Teleflora keepsakes go unnoticed

You may have seen this collectible at consignment and thrift shops, yard sales, flea markets and even antique shops. Like most, you pick it up, look briefly at the bottom and set it back with no interest. The collectible is a good-looking, ceramic, keepsake from Teleflora and is often priced for less than $5.

In 1979, Stewart and Lynda Resnick purchased Teleflora, a floral wire delivery service. In 1982, Lynda introduced "Flowers in a Gift," a marketing idea that saw the flowers delivered in a keepsake container, which won her a marketing communications award.

Previous to this time, bouquets were delivered in a regular vase. A few of these glass pieces today have become collectibles primarily because of their cut-glass designs and shapes.

The Resnicks not only have their own crafty artists, but they also have teamed up with other designers such as Disney, Campbell’s Soup, Ford Motors and Susan Winget to produce teacups, teapots, mugs and candy dishes to be used as containers for fresh flowers and plants.

Some bouquet arrangements have also been accompanied with village pieces by a most distinguished licensed partner and artist Thomas Kinkade.


Kathy Lafky, owner, collector and florist designer at Lewiston Bouquet & Gifts in Lewiston, has her flower shop packed with redesigned flea market finds, floral designs with artistic expressions and with vintage accents. Teleflora collectibles were just the answer for her small-town business.

"I started with Teleflora in 2004 in this quaint small-town flower shop because I thought it to be a stable existing company and a way for my local customers to reach loved ones and families in other areas," she said.

Sandy Stock, manager and lead floral designer at Sargent’s Floral & Gifts in Rochester, said, "We are proud members of the Teleflora network and have been for years. We are happy to help create the perfect arrangements using their collectibles and we also share with other floral shops the Teleflora collectibles. They are generally well-crafted and clearly marked as Teleflora, but not all are dated."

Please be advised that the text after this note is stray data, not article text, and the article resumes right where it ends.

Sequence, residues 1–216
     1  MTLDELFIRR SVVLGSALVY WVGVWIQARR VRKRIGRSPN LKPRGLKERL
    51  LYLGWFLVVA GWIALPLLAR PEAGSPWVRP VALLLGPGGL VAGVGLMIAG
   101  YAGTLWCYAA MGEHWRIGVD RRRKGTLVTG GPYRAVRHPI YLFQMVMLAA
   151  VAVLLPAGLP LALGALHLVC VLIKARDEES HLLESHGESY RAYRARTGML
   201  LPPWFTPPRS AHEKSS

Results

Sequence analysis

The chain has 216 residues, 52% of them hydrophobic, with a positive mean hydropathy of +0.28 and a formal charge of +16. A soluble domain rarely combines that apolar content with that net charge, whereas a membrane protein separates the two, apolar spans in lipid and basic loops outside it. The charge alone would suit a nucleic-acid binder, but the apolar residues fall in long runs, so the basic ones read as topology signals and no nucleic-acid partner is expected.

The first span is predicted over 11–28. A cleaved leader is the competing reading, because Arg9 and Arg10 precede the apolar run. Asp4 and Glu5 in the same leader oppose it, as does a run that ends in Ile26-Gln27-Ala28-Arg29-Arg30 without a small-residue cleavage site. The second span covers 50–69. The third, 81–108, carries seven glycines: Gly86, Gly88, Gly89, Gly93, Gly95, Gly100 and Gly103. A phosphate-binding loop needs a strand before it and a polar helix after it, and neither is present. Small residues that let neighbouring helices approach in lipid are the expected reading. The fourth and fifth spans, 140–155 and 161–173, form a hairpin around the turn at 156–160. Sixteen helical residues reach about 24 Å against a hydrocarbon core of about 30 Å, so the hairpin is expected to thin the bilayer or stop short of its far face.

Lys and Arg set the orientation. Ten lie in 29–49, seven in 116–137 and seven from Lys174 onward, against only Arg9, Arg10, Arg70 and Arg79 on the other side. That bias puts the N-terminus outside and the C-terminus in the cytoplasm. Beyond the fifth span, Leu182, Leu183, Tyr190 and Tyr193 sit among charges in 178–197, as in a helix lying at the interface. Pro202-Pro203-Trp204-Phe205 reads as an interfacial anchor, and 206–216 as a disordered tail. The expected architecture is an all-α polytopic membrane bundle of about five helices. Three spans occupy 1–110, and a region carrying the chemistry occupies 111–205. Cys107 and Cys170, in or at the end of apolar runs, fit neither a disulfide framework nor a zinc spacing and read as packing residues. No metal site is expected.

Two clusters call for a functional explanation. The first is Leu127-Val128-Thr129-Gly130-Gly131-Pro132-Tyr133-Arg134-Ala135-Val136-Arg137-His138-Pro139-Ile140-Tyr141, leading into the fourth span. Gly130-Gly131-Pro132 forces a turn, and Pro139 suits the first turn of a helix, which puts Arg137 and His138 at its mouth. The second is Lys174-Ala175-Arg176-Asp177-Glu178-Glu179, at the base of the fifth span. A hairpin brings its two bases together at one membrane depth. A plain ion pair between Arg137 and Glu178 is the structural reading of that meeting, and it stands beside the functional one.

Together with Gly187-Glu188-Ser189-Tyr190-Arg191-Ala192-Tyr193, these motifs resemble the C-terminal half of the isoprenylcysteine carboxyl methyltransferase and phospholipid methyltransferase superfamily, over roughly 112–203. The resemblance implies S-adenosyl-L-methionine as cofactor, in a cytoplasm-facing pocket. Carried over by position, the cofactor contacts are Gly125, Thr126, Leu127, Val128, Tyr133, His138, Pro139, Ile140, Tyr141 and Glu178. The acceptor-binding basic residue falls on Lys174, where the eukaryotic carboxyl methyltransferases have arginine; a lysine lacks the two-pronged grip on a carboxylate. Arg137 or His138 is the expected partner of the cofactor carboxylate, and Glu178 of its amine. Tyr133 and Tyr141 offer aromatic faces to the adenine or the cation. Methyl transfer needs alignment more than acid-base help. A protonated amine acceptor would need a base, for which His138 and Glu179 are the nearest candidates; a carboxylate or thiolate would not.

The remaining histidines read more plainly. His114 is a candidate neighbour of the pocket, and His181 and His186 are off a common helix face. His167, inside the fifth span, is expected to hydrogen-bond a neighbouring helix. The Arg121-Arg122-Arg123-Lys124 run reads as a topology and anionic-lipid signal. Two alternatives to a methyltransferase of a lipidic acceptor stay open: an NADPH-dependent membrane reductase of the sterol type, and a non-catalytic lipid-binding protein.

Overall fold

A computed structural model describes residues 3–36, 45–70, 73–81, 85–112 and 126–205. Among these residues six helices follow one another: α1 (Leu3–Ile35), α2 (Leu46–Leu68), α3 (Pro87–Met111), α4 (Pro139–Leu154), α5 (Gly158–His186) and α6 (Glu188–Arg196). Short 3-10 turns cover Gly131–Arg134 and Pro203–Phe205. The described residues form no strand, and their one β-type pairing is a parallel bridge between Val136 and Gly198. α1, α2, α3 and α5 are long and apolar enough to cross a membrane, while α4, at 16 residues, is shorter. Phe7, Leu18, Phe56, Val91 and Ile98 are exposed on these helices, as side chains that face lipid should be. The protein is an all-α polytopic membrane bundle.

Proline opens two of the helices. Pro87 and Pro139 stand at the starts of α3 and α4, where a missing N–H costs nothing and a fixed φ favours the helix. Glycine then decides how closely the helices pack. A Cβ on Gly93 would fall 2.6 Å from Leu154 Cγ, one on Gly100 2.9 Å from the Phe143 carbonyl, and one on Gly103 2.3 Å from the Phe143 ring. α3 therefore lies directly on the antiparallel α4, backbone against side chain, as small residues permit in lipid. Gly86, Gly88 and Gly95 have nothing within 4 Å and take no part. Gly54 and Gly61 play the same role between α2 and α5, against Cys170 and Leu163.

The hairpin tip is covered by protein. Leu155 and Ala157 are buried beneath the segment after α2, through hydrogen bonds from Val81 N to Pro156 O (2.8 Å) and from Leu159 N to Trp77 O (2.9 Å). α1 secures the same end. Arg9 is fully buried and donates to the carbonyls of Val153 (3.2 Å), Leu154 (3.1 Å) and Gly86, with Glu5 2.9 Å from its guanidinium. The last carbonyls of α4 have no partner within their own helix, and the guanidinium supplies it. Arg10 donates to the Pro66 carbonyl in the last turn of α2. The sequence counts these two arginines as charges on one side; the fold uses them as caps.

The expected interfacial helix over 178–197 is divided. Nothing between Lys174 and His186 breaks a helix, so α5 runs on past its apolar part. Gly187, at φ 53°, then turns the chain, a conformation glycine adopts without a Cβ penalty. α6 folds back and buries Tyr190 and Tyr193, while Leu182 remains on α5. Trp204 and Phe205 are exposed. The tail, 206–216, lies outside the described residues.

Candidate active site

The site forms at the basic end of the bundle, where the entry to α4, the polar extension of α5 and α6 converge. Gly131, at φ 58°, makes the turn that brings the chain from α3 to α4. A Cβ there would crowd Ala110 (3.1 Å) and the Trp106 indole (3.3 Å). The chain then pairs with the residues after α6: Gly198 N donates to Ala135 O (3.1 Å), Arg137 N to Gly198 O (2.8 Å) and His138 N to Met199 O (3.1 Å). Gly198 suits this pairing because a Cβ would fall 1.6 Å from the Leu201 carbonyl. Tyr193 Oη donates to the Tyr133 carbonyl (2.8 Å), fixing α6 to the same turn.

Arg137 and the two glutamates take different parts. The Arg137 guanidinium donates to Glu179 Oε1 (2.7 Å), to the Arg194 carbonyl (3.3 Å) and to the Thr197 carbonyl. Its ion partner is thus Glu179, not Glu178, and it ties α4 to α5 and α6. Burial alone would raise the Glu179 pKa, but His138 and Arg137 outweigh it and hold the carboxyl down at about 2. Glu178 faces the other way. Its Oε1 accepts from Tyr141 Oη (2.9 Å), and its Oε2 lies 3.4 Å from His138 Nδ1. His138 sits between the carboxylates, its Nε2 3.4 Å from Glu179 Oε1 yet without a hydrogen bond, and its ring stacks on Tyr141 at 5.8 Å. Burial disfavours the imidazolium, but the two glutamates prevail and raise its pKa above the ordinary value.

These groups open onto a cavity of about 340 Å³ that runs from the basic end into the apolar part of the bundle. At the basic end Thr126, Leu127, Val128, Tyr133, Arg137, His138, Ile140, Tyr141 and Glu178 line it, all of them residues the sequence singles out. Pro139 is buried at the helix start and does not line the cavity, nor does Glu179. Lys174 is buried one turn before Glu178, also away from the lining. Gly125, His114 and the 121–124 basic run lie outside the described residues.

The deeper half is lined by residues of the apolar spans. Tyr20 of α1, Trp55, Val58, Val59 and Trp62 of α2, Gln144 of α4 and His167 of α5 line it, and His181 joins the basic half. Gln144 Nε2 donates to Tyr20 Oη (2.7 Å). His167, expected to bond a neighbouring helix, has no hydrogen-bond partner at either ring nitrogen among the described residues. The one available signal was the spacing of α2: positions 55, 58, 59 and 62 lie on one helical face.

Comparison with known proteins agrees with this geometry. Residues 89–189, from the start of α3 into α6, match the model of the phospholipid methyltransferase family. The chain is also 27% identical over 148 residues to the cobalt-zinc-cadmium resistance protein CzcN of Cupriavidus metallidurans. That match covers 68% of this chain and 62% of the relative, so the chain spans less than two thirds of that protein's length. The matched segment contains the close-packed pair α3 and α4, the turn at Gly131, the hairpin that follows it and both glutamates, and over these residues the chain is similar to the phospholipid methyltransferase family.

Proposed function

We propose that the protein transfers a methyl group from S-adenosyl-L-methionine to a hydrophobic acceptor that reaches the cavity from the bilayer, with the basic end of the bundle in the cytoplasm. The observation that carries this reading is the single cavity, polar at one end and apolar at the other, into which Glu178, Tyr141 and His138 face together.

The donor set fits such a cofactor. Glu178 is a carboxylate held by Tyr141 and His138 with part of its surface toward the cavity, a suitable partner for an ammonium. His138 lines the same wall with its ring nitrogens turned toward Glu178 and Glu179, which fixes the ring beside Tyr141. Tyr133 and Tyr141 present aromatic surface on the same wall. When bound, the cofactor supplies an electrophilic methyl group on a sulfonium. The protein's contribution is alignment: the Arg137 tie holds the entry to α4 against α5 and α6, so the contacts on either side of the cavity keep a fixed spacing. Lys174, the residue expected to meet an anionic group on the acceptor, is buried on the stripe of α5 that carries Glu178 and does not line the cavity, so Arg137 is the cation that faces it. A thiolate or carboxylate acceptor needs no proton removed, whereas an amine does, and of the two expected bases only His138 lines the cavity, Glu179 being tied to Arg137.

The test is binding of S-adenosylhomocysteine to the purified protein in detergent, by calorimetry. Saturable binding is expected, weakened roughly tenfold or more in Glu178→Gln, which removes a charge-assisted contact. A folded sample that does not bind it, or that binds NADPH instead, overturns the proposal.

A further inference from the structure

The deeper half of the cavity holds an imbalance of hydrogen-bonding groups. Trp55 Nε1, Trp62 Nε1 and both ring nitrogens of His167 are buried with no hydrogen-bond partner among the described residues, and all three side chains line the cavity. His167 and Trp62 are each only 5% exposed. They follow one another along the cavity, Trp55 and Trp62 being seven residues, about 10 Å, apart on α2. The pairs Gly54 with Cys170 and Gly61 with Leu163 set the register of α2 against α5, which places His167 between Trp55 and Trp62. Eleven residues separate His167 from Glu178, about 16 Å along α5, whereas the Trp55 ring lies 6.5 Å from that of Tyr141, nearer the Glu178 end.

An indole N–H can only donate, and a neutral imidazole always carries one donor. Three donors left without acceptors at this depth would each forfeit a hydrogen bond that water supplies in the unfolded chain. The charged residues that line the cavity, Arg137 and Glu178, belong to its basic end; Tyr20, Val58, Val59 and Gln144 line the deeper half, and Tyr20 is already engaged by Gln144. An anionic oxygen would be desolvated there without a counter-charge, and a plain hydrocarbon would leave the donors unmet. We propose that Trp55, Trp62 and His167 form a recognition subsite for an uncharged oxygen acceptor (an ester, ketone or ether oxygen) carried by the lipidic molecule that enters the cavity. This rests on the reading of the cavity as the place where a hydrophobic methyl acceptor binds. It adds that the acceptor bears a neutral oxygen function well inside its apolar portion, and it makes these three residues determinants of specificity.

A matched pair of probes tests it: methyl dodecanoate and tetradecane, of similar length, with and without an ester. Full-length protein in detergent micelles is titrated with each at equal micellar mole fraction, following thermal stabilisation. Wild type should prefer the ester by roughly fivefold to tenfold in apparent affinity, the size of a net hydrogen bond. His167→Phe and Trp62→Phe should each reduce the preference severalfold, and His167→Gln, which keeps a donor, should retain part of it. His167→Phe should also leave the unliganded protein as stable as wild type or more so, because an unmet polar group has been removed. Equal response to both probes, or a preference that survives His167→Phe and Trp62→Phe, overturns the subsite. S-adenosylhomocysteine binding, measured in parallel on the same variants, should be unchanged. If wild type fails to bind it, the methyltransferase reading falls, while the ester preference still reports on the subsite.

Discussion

"I found the most items of interest are the teapots, teacups and the collectible Thomas Kinkade village pieces," Lafky said. "Teleflora comes out with a new Kinkade piece every year."

Of the Kinkade collection, Stock said the Thomas Kinkade price range on the collectible village piece is less than $13; with a floral arrangement, the price goes on up.

"Another nice collectible is a replica of the classic 1948 Ford F-1 pickup," Stock said. "Some of our other Teleflora collectible bouquets have been put together using pull toys, plush bears, porcelain dolls and Campbell’s soup mugs, to name a few."

At thrift shops, Lafky has found Teleflora collectibles that were out before she started with Teleflora.

"I found the Teleflora collectible strawberry and peach pottery teapot priced at $3 or less. Searching online, these teapots are selling up to $15," she said. "Disney containers can be worth as much as $60."


Consignment and gift shop owner Rita Dasner of Nest in Lake City, said, "I have had several Teleflora teapots pass through the shop. One that was very unique was the morning glory teapot — the spout was a flower. I think we probably sold them for about $14. … I see a lot of Teleflora items in thrift shops, for under $6."

Teleflora items can not be found in antique and collectible price guides, and there seem to be no websites supporting these collectibles. However, Teleflora items can be found on various websites.

"The probability for Teleflora as a collectible would be greater if more people knew more about them and could find them in good condition," Lafky said. 

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